Preventing acute kidney injury from developing into chronic kidney disease

Tech Science 5. nov 2023 2 min Assistant Professor Ina Maria Schiessl Written by Kristian Sjøgren

Researchers have characterised what happens in the kidneys after acute kidney injury. The results identify a window of opportunity for treatment that could prevent acute kidney injury from becoming more serious.

Kidney injuries are among the most serious injuries to affect the body’s organs. These can occur in the transplantation of a kidney or in other operations in which the kidneys do not have sufficient blood and can develop into chronic kidney disease over time, which is even more serious.

New research has now revealed how acute kidney injury develops and affects kidneys.

The research identifies a window of opportunity for intervention that may prevent acute kidney injury from developing, thereby lowering the risk of chronic kidney disease, which could lead to cardiovascular disease and other diseases.

“Our research shows that acute kidney injury does not initially affect some areas of the kidneys, but the injury develops and gradually destroys these areas. This therefore provides an opportunity to develop strategies to prevent the acute kidney injury from spreading and leading to even more serious kidney disease,” explains a researcher involved in the study, Ina Maria Schiessl, Assistant Professor, Department of Biomedicine, Aarhus University.

The research has been published in Nature Communications.

Implanting an abdominal imaging window in genetically modified mice

Ina Maria Schiessl and colleagues studied how kidney injuries develop in mice that had been genetically modified so that their cells glowed fluorescent green as they divide.

This involved the researchers implanting an abdominal imaging window in the mice so that they could study the same cells in the mice’s kidneys with a microscope and thereby identify changes in the kidneys over time.

Ina Maria Schiessl explains that this is not possible with conventional methods that involve killing the mice and removing their kidneys, since this only provides a snapshot of the acute kidney injury and no insight how it develops.

After the researchers inserted the imaging windows in the genetically modified mice, they blocked the flow of blood to one half of the kidney tissue for 21 minutes but not the other half.

“Being without blood even briefly is very toxic for the kidneys, and this can lead to acute kidney injury. As soon as this injury occurs, it can develop into chronic kidney disease over time, but very little is known about this process. We investigated this in mice for up to 3 weeks after inducing acute kidney injury. With this method, we observed the same cells over time and compared these with undamaged areas of the kidney,” says Ina Maria Schiessl.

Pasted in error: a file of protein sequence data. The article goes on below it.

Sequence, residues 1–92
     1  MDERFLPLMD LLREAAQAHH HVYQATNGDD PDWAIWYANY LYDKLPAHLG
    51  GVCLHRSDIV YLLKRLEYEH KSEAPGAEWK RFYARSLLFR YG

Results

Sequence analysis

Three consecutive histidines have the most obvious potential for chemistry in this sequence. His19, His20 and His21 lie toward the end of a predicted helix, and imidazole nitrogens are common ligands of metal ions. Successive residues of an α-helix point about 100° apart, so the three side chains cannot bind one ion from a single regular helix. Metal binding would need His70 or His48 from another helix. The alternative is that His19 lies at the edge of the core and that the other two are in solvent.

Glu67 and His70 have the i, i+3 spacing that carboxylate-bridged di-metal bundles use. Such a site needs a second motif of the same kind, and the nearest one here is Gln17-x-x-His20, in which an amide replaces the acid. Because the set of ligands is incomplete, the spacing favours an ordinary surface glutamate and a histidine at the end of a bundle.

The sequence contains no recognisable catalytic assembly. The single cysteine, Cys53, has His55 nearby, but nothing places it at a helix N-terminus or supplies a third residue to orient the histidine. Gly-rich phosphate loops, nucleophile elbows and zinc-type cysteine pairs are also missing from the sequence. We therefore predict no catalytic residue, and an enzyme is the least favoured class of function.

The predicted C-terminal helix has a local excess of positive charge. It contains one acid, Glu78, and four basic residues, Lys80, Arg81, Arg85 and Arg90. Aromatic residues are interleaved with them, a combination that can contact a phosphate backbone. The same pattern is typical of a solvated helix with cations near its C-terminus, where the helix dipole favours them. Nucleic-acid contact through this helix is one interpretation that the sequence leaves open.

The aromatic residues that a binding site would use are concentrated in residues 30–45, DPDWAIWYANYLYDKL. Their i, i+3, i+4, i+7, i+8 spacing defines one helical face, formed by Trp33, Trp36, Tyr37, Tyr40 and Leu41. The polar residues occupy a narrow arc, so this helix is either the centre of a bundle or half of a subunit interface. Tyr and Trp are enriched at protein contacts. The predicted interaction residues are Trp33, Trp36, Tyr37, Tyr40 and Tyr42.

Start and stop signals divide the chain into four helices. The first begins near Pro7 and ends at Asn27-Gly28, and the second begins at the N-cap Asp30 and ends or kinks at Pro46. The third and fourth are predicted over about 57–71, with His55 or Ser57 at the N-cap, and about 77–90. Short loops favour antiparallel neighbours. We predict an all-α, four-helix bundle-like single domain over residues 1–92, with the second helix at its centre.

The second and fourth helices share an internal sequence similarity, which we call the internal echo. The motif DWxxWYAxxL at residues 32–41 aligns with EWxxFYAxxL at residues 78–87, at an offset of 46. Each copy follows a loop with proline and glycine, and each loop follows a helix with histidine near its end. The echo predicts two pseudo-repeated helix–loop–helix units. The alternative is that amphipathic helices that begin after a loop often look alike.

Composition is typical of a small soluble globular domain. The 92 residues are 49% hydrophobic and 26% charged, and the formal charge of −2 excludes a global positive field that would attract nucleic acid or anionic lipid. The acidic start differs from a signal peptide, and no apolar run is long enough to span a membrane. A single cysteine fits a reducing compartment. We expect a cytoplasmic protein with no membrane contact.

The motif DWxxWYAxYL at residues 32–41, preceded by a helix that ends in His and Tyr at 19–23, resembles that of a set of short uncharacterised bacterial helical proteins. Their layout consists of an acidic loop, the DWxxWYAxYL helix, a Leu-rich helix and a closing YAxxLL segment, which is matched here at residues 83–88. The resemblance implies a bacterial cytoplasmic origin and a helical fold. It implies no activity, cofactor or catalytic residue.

Kidney tubules atrophy over time

The researchers found considerable cell death initially after acute kidney injury but only initially in the part of the kidney without blood supply and thereby oxygen.

Further, within 3–5 days, the injury spread to regions that had not initially been affected by the acute injury.

The nephrons, which are small tubes that reabsorb water from the filtered blood and control salt balance, began to undergo structural changes that made them unable to maintain their vital functions.

Ina Maria Schiessl says that the nephrons did not die but atrophied (collapsed), changed cellular phenotype and began to express the protein VCAM1.

VCAM1 did not predict tubule atrophy but identified these tubules molecularly. However, the study shows that tubule atrophy can be predicted based on the degree of initial necrosis after blood reperfusion and the extent of injury propagation later on. We did observe cellular debris from upstream necrosis initially in tubule segments. The more of this debris accumulated in uninjured nephron segments, the higher the probability that it would atrophy later on.”

Potential for intervention

Ina Maria Schiessl says that the results identify a window of a few days after acute kidney injury in which the injury has not yet started to spread. Intervention is therefore possible so that acute kidney injury does not become more serious, potentially developing into chronic kidney disease.

“Acute kidney injury does not automatically worsen afterwards. The subsequent window of opportunity may provide potential for intervention to ensure that the nephrons do not collapse and lead to chronic kidney disease,” concludes Ina Maria Schiessl.

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